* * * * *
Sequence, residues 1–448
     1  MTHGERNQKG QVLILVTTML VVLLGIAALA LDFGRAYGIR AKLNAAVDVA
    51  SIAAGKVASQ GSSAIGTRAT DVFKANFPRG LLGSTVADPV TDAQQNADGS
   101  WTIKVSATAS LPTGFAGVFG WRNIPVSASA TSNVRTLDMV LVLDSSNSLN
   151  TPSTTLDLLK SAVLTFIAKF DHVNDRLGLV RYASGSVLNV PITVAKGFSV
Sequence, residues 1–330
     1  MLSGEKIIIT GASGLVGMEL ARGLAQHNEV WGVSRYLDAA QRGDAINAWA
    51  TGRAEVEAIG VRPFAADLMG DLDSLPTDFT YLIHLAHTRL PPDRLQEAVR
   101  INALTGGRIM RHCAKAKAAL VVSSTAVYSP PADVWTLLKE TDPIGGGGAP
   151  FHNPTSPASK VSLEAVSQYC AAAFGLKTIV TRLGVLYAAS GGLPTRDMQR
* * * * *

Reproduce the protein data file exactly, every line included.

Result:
Sequence, residues 1–448
     1  MTHGERNQKG QVLILVTTML VVLLGIAALA LDFGRAYGIR AKLNAAVDVA
    51  SIAAGKVASQ GSSAIGTRAT DVFKANFPRG LLGSTVADPV TDAQQNADGS
   101  WTIKVSATAS LPTGFAGVFG WRNIPVSASA TSNVRTLDMV LVLDSSNSLN
   151  TPSTTLDLLK SAVLTFIAKF DHVNDRLGLV RYASGSVLNV PITVAKGFSV
Sequence, residues 1–330
     1  MLSGEKIIIT GASGLVGMEL ARGLAQHNEV WGVSRYLDAA QRGDAINAWA
    51  TGRAEVEAIG VRPFAADLMG DLDSLPTDFT YLIHLAHTRL PPDRLQEAVR
   101  INALTGGRIM RHCAKAKAAL VVSSTAVYSP PADVWTLLKE TDPIGGGGAP
   151  FHNPTSPASK VSLEAVSQYC AAAFGLKTIV TRLGVLYAAS GGLPTRDMQR